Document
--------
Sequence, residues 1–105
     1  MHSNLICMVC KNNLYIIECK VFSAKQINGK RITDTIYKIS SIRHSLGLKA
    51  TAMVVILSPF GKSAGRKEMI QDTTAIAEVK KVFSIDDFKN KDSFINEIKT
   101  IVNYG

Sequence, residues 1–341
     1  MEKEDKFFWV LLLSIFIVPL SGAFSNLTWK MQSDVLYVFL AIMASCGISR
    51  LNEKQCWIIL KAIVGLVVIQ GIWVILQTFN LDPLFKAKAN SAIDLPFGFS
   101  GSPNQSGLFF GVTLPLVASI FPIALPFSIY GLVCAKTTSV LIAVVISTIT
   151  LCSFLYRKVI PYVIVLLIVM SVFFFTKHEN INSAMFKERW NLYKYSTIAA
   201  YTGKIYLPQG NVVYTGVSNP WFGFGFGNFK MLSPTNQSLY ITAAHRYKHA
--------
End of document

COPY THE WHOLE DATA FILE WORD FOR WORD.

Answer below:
Sequence, residues 1–105
     1  MHSNLICMVC KNNLYIIECK VFSAKQINGK RITDTIYKIS SIRHSLGLKA
    51  TAMVVILSPF GKSAGRKEMI QDTTAIAEVK KVFSIDDFKN KDSFINEIKT
   101  IVNYG

Sequence, residues 1–341
     1  MEKEDKFFWV LLLSIFIVPL SGAFSNLTWK MQSDVLYVFL AIMASCGISR
    51  LNEKQCWIIL KAIVGLVVIQ GIWVILQTFN LDPLFKAKAN SAIDLPFGFS
   101  GSPNQSGLFF GVTLPLVASI FPIALPFSIY GLVCAKTTSV LIAVVISTIT
   151  LCSFLYRKVI PYVIVLLIVM SVFFFTKHEN INSAMFKERW NLYKYSTIAA
   201  YTGKIYLPQG NVVYTGVSNP WFGFGFGNFK MLSPTNQSLY ITAAHRYKHA